The colloid area of the thyroid gland was smaller in the 300 mg/kg dose group when compared to all other groups.
Exposure to triclosan dramatically decreased thyroxine concentrations in young male rats. The hormone is critical for normal development and to a properly functioning metabolism. Too much or too little can cause a wide range of health problems before and after birth.
Hypothyroidism occurs when the thyroid produces lower than normal amounts of hormones. The condition can lead to obesity, goiter, infertility, neurological problems and other serious concerns. This long list is not surprising since thyroid hormones control metabolism, which can affect nearly every cell in the body.
The results of this study with mammals support previous research that finds the antimicrobial can affect the thyroid hormone system in animals.
Rats and most other vertebrates, including humans, produce and use thyroid hormones in quite similar ways. Given that triclosan is found in such a variety of household products and has been detected in human blood, urine and even breast milk, this study's findings raises concern for adverse effects on humans. Although this study used rats, the similarities in how the thyroid systems between rats and humans function raises concerns as to whether people could share the same physiological fate.
One thing dissimilar in rats and humans is how much of a compound is necessary to cause a negative result. Sometimes it takes a far greater dose of a chemical to alter a rat's biology than it would to change a human's. Therefore, although the concentrations evaluated in this study were higher than normal human exposure, it is still unclear the concentrations necessary to elicit the same effects in humans. It is possible that the low doses that humans are currently exposed to are enough to cause similar problems.
The colloid area of the thyroid gland was smaller in rats exposed to the 300mg/kg triclosan dose. The colloid is a repository for thyroid hormones and stores components to make more thyroid hormone. A shrunken colloid could indicate that thyroid levels were too low, and the rats were releasing the reserves to bring blood hormone levels back to normal. Using these would reduce the size of the colloid area.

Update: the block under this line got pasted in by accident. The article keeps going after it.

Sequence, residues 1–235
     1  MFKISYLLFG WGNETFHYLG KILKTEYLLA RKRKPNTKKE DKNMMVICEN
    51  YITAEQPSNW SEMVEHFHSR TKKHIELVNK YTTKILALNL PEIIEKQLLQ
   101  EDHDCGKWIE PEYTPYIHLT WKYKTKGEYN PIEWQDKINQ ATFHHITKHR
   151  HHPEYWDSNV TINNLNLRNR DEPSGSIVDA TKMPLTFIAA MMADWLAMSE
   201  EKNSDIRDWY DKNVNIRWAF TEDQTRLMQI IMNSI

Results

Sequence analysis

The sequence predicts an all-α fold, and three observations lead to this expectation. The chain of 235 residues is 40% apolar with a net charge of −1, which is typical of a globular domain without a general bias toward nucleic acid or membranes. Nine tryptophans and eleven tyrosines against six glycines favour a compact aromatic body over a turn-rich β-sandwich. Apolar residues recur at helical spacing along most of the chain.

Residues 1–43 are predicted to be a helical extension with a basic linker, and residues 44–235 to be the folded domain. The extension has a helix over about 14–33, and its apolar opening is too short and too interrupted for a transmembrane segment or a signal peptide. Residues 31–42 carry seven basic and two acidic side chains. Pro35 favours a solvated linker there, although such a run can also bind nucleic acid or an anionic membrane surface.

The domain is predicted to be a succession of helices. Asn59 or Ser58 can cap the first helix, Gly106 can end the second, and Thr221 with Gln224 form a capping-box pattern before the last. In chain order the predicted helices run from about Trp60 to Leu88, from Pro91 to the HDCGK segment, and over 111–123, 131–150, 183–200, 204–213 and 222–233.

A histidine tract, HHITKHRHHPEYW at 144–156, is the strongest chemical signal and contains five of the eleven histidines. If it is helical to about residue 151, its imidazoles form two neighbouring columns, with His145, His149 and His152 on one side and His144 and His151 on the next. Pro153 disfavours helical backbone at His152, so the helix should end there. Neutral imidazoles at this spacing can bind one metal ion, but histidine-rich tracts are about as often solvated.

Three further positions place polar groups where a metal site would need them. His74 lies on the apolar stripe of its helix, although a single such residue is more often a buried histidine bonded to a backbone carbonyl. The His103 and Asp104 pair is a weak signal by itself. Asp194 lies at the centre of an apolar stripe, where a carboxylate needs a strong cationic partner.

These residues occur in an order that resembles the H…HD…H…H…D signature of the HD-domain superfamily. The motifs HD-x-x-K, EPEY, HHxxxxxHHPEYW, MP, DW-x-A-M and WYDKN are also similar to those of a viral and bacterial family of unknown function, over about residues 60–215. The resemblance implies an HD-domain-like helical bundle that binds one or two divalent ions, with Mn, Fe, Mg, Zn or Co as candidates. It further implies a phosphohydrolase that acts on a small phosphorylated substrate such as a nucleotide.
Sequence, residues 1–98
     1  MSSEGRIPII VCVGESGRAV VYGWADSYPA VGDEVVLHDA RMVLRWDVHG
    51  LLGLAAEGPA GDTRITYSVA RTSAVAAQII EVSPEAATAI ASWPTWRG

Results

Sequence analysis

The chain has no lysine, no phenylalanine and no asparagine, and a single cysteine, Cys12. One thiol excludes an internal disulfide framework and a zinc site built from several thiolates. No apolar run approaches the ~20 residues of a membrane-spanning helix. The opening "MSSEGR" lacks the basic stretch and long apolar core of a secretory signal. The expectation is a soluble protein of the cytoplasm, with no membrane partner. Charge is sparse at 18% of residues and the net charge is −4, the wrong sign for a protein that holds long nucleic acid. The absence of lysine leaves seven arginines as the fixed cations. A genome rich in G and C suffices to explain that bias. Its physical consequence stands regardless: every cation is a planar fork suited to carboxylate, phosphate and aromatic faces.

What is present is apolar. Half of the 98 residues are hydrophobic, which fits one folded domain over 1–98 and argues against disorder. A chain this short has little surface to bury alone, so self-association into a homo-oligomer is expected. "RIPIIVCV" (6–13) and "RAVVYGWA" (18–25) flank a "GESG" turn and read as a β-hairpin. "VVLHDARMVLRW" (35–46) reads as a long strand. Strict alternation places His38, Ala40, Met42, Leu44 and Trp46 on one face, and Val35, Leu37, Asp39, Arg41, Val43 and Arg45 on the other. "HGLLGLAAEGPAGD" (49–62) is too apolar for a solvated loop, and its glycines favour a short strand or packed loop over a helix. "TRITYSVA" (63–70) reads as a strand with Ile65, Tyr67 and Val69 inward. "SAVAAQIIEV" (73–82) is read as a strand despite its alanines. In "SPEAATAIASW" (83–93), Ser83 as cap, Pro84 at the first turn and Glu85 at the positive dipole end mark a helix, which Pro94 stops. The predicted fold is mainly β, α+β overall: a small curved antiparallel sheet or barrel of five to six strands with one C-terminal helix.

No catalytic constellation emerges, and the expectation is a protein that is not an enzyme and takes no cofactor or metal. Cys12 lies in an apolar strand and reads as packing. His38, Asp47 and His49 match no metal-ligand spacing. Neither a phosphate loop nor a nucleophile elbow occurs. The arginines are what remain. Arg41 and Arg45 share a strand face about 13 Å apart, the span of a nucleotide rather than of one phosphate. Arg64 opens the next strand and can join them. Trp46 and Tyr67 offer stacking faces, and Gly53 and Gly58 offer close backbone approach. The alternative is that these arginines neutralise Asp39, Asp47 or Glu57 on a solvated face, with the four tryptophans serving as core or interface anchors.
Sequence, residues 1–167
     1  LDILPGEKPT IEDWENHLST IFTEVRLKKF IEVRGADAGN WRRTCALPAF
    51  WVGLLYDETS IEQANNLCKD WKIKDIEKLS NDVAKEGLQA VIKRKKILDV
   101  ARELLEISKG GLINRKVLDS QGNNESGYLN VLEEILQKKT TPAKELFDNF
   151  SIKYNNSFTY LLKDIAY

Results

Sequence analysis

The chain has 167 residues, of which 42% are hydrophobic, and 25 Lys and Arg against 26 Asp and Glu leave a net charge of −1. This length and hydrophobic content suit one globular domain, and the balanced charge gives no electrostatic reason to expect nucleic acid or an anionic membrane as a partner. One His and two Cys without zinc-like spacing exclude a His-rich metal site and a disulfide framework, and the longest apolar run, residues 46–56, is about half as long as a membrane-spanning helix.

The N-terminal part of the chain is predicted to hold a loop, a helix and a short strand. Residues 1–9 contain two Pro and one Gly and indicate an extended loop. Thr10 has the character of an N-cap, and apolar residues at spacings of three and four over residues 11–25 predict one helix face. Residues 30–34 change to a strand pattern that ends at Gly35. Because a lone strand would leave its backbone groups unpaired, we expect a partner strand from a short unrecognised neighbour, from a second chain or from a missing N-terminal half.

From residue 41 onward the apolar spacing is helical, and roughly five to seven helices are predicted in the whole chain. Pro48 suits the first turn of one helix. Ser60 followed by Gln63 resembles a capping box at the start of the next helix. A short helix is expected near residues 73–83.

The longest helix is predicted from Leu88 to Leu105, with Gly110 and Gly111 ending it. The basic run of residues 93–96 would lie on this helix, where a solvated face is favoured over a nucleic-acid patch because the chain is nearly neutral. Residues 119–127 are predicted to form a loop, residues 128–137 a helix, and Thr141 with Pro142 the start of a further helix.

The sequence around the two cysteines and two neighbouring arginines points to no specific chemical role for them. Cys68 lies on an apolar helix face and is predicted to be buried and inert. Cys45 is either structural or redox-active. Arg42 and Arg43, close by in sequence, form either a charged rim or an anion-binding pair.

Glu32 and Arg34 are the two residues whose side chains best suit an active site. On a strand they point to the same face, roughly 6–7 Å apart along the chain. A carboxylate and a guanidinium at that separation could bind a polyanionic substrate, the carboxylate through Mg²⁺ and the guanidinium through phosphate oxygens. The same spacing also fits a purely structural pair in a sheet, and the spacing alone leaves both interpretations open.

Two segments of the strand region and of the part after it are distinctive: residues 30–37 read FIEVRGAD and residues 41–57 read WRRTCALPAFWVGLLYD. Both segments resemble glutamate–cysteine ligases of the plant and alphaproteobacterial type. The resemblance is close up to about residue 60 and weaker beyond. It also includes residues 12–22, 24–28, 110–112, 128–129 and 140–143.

Triclosan exposed rats also had bigger livers. The liver clears and removes toxins from the body. A larger liver may indicate excessive pressure on the liver to clear triclosan. Stressed livers enlarge to accommodate the higher production of the enzymes needed to detoxify substances.
If the liver accelerated its detoxifying activity in the presence of triclosan, the increased effort could account for the lower concentrations of thyroxine measured. The liver would have been clearing the hormone from the system faster. However, the researchers did not find a difference in an important toxin clearing enzyme called UDPGT. This indicates that some other mechanism caused the reduction in thyroid hormones. One way is that triclosan may act directly on the thyroid gland to interfere with hormone production.
There are critical times in development when exposures can permanently alter development. For instance, hypothyroidism during early development can change reproductive tract development, hormone concentrations and sexual maturation, including puberty onset. In this study, triclosan exposure did not change the onset of puberty, suggesting that exposure after weaning to triclosan is too late to affect the timing of puberty
The effects seen in this experiment raise significant questions about the wisdom of allowing widespread use of triclosan in multiple consumer products.
Hua W, ER Bennett and RJ Letcher, 2005. Triclosan in waste and surface waters from the upper Detroit River by liquid chromatography-electrospray-tandem quadruple mass spectrometry. Environment International 31:621-630.
Singer H, S Muller, C Tixier and L Pillonel. 2002. Triclosan: occurrence and fate of a widely used biocide in the aquatic environment: field measurements in wastewater treatment plants, surface waters, and lake sediments. Environmental Science and Technology 36:4998–5004.
Veldhoen N, RC Skirrow, H Osachoff, H Wigmore, DJ Clapson, MP Gunderson, G Van Aggelen and CC Helbing, 2006. The bactericidal agent triclosan modulates thyroid hormone-associated gene expression and disrupts postembryonic anuran development. Aquatic Toxicology 80:217-227.